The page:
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How the Spectator helped blow the whistle on health tourism

It's not cruel to ask foreigners to pay for NHS care — it could recoup billions and relieve overstretched staff

26 October 2013

9:00 AM

26 October 2013

9:00 AM

In February, an NHS surgeon came to The Spectator’s offices to discuss a piece he felt it was time to write. He wanted to blow the whistle on health tourism. Professor J. Meirion Thomas knew he was taking a tough decision, given the hostile reaction of the doctors’ unions and civil servants to anyone who makes the slightest criticism of the NHS. But the Francis Report into the Stafford Hospital scandal had just come out, reminding GPs of their ‘statutory duty of candour’. The professor said that he would like to expose what he regarded as the systematic abuse of the NHS.

His Spectator article was read at the highest levels of government. At the time, the Department of Health insisted that there was nothing to see — that health tourism cost just £12 million, a trifling figure in relation to the gargantuan NHS budget. Jeremy Hunt, the Health Secretary, went on to commission an independent report which found differently. Non-British residents are each year receiving about £1.9 billion of free treatment for which by law they ought to be charged. Health tourism — people coming to Britain deliberately to use the NHS — accounts for between £70 and £300 million of this figure.

It is a disgrace that it has taken a surgeon to break ranks in order to provoke debate on the subject. The Department of Health is part of an orthodoxy which has consistently tried to deny that health tourism exists at all. It has become a certainty in recent months that within hours of any politician uttering the words ‘health tourism’, Dr Clare Gerada, chair of the Royal College of GPs, will pop up somewhere on the BBC denouncing fears that foreigners are abusing the NHS as scare-mongering and protesting that doctors should not have to act as ‘border guards’, even though nobody is suggesting that.


Even after this week’s report, we have heard protestations that it doesn’t really matter, because £2 billion is only 2 per cent of the NHS budget. But you can’t waft away a public spending problem on the grounds that the amount of money being wasted is 2 per cent of the total. Budgets are made up of 2 per cent here, 2 per cent there. If you don’t approach public spending with the assumption that every percentage point matters, you will rapidly end up with a national budget crisis.

As Mr Hunt explained, even the £500 million he hopes to recover in unpaid NHS bills would be enough to employ an extra 4,000 doctors. Those who complain it is inhumane for the NHS to try to collect money from foreign nationals for non-emergency treatment need to explain why it would be a bad idea for over-stretched hospitals to have these extra staff. And as Meirion Thomas said, it’s not just about the cost — but the principle. It’s supposed to be a National Health Service, not an International Health Service.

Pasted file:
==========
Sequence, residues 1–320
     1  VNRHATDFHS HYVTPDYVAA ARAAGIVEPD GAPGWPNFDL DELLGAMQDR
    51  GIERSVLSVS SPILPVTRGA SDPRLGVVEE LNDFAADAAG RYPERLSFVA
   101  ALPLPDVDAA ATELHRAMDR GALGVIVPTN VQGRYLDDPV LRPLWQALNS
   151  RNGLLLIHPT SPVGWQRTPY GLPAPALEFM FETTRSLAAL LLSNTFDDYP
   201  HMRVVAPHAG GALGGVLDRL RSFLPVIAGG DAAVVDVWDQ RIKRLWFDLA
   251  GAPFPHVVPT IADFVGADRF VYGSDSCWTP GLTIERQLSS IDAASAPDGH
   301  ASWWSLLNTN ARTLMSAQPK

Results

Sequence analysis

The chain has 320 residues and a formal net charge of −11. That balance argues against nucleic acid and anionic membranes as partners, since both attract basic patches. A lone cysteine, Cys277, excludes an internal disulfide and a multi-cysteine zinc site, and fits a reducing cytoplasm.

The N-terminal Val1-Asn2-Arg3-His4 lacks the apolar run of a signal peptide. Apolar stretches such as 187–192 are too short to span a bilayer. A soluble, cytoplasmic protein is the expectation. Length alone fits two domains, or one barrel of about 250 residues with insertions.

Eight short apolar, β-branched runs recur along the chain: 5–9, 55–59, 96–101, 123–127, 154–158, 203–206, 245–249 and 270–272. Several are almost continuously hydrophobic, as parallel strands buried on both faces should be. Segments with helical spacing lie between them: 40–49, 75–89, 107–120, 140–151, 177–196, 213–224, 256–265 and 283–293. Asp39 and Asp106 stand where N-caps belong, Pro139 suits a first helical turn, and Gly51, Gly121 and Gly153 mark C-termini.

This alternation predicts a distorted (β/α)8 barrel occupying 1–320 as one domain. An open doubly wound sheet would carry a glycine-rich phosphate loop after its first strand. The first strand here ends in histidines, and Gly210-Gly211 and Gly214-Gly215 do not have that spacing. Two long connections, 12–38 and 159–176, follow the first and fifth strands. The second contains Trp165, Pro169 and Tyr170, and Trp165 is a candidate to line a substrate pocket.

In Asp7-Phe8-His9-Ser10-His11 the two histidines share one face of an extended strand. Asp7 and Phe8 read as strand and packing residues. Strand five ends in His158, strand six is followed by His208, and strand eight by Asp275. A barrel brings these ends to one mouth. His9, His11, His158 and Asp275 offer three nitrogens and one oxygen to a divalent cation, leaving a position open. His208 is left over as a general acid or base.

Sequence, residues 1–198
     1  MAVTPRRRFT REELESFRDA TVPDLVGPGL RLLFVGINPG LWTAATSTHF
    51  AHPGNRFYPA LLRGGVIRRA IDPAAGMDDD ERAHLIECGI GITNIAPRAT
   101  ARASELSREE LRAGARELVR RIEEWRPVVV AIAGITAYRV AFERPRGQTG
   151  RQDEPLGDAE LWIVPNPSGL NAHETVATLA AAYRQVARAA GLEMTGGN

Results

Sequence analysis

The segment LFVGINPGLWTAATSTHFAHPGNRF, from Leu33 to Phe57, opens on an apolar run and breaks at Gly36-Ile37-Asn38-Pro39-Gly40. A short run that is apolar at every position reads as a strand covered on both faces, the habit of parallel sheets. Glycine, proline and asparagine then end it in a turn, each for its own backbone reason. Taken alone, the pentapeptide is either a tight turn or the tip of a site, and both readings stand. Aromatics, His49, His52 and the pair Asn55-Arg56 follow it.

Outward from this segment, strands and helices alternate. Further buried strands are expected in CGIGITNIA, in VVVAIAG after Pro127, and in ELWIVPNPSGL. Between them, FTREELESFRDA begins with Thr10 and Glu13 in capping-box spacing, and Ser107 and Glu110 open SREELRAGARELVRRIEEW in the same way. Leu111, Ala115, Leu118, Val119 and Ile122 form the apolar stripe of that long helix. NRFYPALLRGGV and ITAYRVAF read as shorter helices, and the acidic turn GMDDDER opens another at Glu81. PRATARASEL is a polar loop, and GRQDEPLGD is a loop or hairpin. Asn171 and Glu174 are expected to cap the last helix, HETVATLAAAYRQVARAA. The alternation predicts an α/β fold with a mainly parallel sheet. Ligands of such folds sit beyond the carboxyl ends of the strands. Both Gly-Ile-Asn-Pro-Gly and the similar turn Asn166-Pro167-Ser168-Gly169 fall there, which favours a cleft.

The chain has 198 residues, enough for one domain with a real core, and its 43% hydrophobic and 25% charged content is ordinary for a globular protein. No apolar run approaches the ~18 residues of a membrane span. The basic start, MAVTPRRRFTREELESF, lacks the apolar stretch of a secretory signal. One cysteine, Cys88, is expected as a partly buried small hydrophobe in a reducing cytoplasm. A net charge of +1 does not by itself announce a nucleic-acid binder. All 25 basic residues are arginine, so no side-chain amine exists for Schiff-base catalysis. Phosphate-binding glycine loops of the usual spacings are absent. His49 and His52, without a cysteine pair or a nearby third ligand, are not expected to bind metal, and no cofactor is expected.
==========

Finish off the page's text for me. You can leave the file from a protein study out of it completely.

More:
The NHS fails to collect the money due to it from foreign patients because, unlike the insurance-based public health systems in other European countries, it has no proper process for collecting the money, nor even for checking whether a patient is eligible for free treatment. NHS rules state that patients must be ‘ordinarily resident’ in the UK to qualify, but there is only a vague definition of what that means. Nor, in the computer-scarce zone that is the NHS following the debacle of the abortive £10 billion IT system, is there any central record of entitlement to free health care. It is all too easy for a doctor, put under pressure by a patient, to tick the ‘ordinarily resident’ box and be done with it. Each doctor doing so may feel he is being humane, but such decisions add up to something rather less good: those who have paid taxes to fund the NHS are left waiting for operations while limited NHS resources are swallowed up in an attempt to treat the rest of the world.

It is disingenuous of critics to describe efforts to tackle health tourism as ‘inhumane’. It implies that every NHS treatment is a matter of life and death when of course it is not. No one wants people in need of emergency treatment to be forced to produce a credit card before they are wheeled in for surgery. But as Professor Thomas explained, there is a big difference between emergency treatment, which needs to be done now, and urgent treatment, which might need to be done soon but can easily wait for a flight home. The vast majority of NHS treatments, however, fall into neither category. It is not cruel to suggest that a foreign visitor cannot have a free knee replacement on the NHS.

This summer Jeremy Hunt announced a £200 charge for migrants to access the NHS.  This week he has gone further and promised a centralised system for collecting money owed to the NHS. These measures are a start, but they will not stop health tourists from falsely claiming to be ordinarily resident in this country. For this, there has to be some kind of card or database to establish entitlement. In the short term the NHS could use National Insurance numbers, which are issued after careful checks on everyone — foreign national or British — who wants to earn money here.

It is to Mr Hunt’s immense credit that he is siding with the patient and taxpayer rather than the NHS establishment. Long may that continue.


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